As the sun shines and the snow continues to melt in the San Juan Mountains this month, the Animas River comes hurtling down out of its headwaters to mark another spring runoff season. It passes through Silverton and Durango, flows across the Southern Ute reservation, crosses the border to New Mexico, and meanders past Aztec before finally joining up with the San Juan River in Farmington. Unfortunately for downstream residents, however, the waters of the Animas pick up a good deal of pollutants along this journey.
By the time the Animas reaches the New Mexico border, its water is already out of compliance with New Mexico water quality standards for total phosphorus, E. coli bacteria, sediment, and turbidity. When it reaches Aztec, impairment for nutrients and indicators of eutrophication are added to the mix. The New Mexico Environment Department added a whopping seven water quality impairments on New Mexico stretches of the Animas to its 2012 303(d) list of impaired waters .
While this might tempt some groups to point a finger of blame upstream, the Animas Watershed Partnership (AWP) is taking a different approach. The AWP started as an offshoot of the Farmington, New Mexico based San Juan Watershed Group, and was formed to specifically address the problems of nutrient pollution in the Animas across state and tribal boundaries. The AWP steering committee is comprised of both government and citizen members from three jurisdictions – Colorado, the Southern Ute Indian Tribe and New Mexico – and it alternates its meetings between Durango, Ignacio and Farmington in order to give equal voice to the concerns of all stakeholders.
A meeting of the Animas Watershed Partnership on Monday, April 23 will take a deeper look into the issue of regulating nutrients on a river that so inconveniently decided to flow across human-drawn boundaries. Barbara Bennett of the CO Water Quality Control Division, Kirk Lashmett of the Southern Ute Indian Tribe Environmental Programs Division, and Abe Franklin of the New Mexico Environment Department will all speak on a panel, discussing how nutrient management on the Animas differs in their respective jurisdictions. The meeting will be held on 4/23 from 6-8pm at the Farmington Civic Center, and the general public is encouraged to attend. This panel discussion should be especially interesting in light of Colorado’s recent work on the development of nutrient standards for nitrogen and phosphorous.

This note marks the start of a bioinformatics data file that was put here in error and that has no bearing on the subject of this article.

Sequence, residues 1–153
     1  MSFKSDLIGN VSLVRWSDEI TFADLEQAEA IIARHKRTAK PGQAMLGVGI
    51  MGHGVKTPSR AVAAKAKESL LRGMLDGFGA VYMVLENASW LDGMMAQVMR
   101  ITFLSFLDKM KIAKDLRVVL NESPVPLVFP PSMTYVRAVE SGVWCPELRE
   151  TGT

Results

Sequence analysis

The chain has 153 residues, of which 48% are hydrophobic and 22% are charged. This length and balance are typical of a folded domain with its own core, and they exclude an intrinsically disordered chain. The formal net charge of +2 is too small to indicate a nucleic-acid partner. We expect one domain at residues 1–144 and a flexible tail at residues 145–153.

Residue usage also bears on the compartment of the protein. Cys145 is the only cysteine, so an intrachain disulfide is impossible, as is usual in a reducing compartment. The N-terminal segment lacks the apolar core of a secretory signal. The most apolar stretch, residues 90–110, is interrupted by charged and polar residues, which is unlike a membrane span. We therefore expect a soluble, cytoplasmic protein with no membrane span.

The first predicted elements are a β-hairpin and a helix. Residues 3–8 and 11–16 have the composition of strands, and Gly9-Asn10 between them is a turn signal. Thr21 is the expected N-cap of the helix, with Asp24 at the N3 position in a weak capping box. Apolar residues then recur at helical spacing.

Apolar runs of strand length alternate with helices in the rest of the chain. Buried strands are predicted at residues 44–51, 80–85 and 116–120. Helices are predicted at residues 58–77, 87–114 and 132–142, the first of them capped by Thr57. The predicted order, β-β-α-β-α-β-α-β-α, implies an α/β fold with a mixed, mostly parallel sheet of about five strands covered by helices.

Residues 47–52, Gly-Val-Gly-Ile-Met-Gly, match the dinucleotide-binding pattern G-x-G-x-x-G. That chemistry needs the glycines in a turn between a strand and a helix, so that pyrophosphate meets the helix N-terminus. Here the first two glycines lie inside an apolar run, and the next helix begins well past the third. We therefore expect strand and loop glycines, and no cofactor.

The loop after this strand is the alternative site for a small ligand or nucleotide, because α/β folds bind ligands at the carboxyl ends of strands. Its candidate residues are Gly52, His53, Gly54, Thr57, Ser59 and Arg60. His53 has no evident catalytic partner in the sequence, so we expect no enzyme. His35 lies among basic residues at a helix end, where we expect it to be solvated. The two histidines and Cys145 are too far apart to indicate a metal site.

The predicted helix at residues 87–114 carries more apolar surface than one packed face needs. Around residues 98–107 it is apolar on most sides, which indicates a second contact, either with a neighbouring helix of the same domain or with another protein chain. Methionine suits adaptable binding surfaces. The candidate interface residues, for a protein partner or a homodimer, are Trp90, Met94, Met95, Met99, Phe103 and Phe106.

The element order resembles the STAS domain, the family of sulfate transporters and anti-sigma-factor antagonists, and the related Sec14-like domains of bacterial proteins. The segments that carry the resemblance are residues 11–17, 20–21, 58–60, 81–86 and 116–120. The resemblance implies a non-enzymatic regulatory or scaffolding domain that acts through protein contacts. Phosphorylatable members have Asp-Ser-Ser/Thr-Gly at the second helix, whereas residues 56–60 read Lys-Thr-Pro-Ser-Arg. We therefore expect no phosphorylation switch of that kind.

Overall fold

The interstate cooperation between the AWP and San Juan Watershed Group was further solidified last week by a grant awarded to the two groups through a settlement between a local coal mine and electric utility and the Sierra Club. The grant provides the groups with $500k to conduct a bacteria source tracking study that will address E. coli pollution in both the Animas and San Juan Rivers, as well as funding numerous public outreach efforts including a website, a regional water quality GIS database, and public meetings to educate residents about the health of their rivers.
The joint efforts of the Animas Watershed Partnership and San Juan Watershed Group will hopefully serve to bring together residents of the Animas watershed, and link Colorado residents to their downstream neighbors through preservation of their shared natural resource.
Anima is among the most important water bodies of U.S. It is supplying water in regions of America. It’s good to see that these days it is flowing with its full flow. Hope to see the same river level in future as well because there is water scarcity threat revolving around in many countries. Saving water at our homes would be a nice idea to prevent any such water crisis.